Alex Neil needs to mould style with steel to get Norwich City back to winning ways
- Credit: Paul Chesterton/Focus Images Ltd
Securing survival was never going to be easy for Norwich City this season – but few expected a match at Carrow Road to finish with booing so early in the campaign.
Losing to West Brom inflicted a third successive defeat on City for the first time under Alex Neil and for the first time since the tail-end of the ill-fated 2013/14 top-flight season.
Narrow home defeats to Leicester and the Baggies have sandwiched a 6-2 humbling at Newcastle.
That worrying downturn in fortunes seem to have sparked vocal frustrations from some that are perhaps out of proportion with the efforts Neil's team are putting in.
It is trips to Manchester City and Chelsea, as well as a visit from Arsenal, in the next four games which prompted the added nerves among some fans.
However this is not a team that have downed tools or looked like they don't care – it is a team grasping for answers as to why their efforts are proving insufficient.
It is difficult to disguise body language and there was plenty to suggest that Tony Pulis' side keeping City at arm's length had been particularly painful.
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Pulis is the prime example of what it takes to establish a team in the top flight – and it isn't pretty.
In the early stages of Saturday's encounter there was only one team which looked like they were going to win the game.
Neil's entertainers were at their fluid best with the ball, swamping the Albion players with their movement, passing and confidence in possession. The visitors were ready for it though.
The Baggies sat so deep that it was almost impossible for a City player to find themselves offside.
The experienced central pairing of Gareth McAuley and Jonny Evans gave City's lone striker Dieumerci Mbokani little room to manoeuvre, as they repelled anything they could.
Neil had said in the run-up to the game that the first goal would be crucial – and Pulis knew it as well.
His side planned to absorb everything the hosts could throw at them so when Wes Hoolahan and Jonny Howson both fired chances over the crossbar in the opening 10 minutes, City's desperation for that opening goal grew.
At the same time, evidence of defensive vulnerability to counter-attacks remained evident, with Chris Brunt given the space to test John Ruddy with a long-range effort from his powerful left foot in the seventh minute.
The warning signs were there. So when Nathan Redmond saw a shot well saved by Boaz Myhill and blasted another wide as well, the pendulum really began to swing.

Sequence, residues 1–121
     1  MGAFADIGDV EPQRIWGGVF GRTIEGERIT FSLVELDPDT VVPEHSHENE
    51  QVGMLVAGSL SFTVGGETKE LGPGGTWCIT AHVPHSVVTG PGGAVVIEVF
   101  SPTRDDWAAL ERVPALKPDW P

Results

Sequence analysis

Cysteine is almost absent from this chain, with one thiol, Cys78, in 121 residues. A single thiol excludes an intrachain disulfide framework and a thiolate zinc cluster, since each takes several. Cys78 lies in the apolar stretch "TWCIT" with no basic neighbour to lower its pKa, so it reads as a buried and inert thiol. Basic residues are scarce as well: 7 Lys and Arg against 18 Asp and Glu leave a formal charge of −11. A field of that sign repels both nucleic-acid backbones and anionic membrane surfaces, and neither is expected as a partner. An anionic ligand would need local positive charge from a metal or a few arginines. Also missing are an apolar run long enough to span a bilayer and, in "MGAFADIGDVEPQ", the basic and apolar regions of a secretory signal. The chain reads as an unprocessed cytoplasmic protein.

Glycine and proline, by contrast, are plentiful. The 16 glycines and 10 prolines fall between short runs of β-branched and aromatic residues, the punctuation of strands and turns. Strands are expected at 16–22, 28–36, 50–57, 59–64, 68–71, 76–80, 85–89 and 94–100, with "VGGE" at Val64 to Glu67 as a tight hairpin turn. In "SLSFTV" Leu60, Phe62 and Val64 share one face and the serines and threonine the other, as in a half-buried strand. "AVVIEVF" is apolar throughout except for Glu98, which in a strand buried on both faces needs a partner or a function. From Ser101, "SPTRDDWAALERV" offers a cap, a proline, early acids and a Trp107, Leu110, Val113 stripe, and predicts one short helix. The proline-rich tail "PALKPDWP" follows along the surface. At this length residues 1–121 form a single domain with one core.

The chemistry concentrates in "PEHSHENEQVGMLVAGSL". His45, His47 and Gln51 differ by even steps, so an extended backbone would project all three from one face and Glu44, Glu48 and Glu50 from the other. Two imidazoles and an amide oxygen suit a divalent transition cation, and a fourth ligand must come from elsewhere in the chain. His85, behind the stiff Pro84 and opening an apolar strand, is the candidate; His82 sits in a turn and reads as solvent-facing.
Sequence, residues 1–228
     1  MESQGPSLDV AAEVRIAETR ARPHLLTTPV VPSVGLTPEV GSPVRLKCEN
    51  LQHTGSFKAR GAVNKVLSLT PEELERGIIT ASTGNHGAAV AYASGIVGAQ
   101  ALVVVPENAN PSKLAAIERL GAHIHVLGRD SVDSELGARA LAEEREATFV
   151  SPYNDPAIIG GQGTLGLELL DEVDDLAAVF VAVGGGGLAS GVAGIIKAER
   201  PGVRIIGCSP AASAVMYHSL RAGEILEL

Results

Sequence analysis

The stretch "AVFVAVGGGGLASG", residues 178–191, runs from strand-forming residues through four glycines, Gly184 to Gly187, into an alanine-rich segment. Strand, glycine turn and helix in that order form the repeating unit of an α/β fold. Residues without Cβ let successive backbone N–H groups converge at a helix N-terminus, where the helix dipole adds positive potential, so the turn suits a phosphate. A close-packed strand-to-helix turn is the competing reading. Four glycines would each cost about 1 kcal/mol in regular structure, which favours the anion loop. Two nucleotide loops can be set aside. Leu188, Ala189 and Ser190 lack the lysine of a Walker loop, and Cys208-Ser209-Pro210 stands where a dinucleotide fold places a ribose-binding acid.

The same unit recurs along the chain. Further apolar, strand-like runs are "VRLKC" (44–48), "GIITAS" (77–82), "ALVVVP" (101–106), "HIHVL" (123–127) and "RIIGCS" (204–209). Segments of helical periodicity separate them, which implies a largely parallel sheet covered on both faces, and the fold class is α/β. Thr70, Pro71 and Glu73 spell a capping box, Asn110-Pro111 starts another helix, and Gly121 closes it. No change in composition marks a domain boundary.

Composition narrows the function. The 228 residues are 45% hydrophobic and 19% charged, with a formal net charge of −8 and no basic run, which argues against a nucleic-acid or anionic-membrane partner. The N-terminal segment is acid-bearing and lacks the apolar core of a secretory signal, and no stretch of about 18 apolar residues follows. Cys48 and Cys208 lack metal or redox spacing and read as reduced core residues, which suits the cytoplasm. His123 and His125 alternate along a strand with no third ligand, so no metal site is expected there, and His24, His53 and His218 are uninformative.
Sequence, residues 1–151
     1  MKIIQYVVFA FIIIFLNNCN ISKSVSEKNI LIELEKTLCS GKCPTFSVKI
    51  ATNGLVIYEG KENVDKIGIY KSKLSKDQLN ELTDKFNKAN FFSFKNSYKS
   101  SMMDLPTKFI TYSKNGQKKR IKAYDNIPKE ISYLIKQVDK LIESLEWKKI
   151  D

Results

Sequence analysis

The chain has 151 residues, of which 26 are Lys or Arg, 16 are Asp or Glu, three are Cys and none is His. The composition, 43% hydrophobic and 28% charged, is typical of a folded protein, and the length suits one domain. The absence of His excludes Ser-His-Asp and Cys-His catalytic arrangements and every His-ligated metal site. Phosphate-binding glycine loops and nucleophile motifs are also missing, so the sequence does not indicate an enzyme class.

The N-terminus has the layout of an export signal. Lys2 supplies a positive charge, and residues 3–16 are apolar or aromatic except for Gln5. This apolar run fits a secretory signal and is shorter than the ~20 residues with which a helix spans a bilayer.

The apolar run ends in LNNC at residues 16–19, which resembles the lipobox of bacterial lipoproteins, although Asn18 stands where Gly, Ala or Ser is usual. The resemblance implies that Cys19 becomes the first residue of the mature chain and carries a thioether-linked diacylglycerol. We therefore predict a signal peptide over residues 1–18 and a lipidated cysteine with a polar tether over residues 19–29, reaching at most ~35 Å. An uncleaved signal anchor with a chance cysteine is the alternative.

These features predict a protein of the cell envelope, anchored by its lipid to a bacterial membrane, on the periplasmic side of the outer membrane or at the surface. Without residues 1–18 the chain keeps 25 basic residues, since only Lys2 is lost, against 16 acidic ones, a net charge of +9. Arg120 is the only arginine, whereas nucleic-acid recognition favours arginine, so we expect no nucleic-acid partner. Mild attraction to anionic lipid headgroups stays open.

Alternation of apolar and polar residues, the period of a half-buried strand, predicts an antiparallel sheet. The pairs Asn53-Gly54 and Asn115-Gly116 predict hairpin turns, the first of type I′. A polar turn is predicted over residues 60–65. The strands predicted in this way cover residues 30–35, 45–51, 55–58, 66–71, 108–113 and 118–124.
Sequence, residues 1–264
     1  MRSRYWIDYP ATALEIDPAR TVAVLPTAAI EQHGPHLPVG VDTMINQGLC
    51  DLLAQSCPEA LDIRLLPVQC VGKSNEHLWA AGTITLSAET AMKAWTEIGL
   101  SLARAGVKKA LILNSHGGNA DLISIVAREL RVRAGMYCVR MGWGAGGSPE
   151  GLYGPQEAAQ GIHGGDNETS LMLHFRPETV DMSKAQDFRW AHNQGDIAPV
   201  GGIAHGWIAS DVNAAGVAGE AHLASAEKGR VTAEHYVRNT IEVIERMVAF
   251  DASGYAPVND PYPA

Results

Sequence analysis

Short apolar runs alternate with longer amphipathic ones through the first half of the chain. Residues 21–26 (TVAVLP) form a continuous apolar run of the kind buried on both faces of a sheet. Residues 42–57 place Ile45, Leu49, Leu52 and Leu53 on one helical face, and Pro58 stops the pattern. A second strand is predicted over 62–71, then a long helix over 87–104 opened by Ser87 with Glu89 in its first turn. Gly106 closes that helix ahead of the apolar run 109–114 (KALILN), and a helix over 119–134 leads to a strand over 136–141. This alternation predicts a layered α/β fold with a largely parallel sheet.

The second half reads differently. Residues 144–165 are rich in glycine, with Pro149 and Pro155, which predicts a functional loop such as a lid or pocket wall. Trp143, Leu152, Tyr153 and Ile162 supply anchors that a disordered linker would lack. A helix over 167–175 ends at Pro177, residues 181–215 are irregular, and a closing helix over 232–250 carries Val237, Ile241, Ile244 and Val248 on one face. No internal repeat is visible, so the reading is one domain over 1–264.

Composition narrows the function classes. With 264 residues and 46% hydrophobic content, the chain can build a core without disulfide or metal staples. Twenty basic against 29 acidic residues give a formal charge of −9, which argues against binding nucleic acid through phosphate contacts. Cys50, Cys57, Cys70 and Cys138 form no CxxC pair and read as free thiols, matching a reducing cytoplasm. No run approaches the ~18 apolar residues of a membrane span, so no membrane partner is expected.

The Canaries regressed and started losing belief.
Brunt's deflected shot in the 40th minute forced Ruddy to scramble the ball behind and Craig Dawson headed the ball into the ground and over the bar from a corner.
Russell Martin – returned to right-back due to the recall of Ryan Bennett at centre-back – then gave James McClean the freedom to whip in a wonderful cross just before half-time and Salomon Rondon somehow managed to head over.
The hosts had disappeared into their shells and there were some worried looks around Carrow Road during the break.
Albion smelt blood and a rapid counter within the first minute of the second half again saw Martin culpable in his positioning as Berahino set McClean free down the left, with Rondon making the most of another sumptuous cross this time.
From there, things went from bad to worse for City.
Sebastien Bassong's aimless rampage forward prompted a collective holding of breath in the home support as they waited for him to inevitably lose the ball, which he did.
Another moment to sum up City's afternoon saw McClean allowed to skip from one side of the pitch to the other without any City player making a meaningful tackle – increasing the exasperation among the home faithful.
With the Canaries struggling to mount any serious fightback or goal threat, an angry burst of boos greeted the full-time whistle, as past pains reared their ugly heads.
City's 'boring' style under Chris Hughton – so similar to that deployed by Saturday's victors – was hounded out of Norfolk.
The return of fun, swashbuckling football under Neil has subsequently forged strong bonds with the Canaries support.
Now the Scot has to find a way of moulding those two styles together and get his side back to winning ways.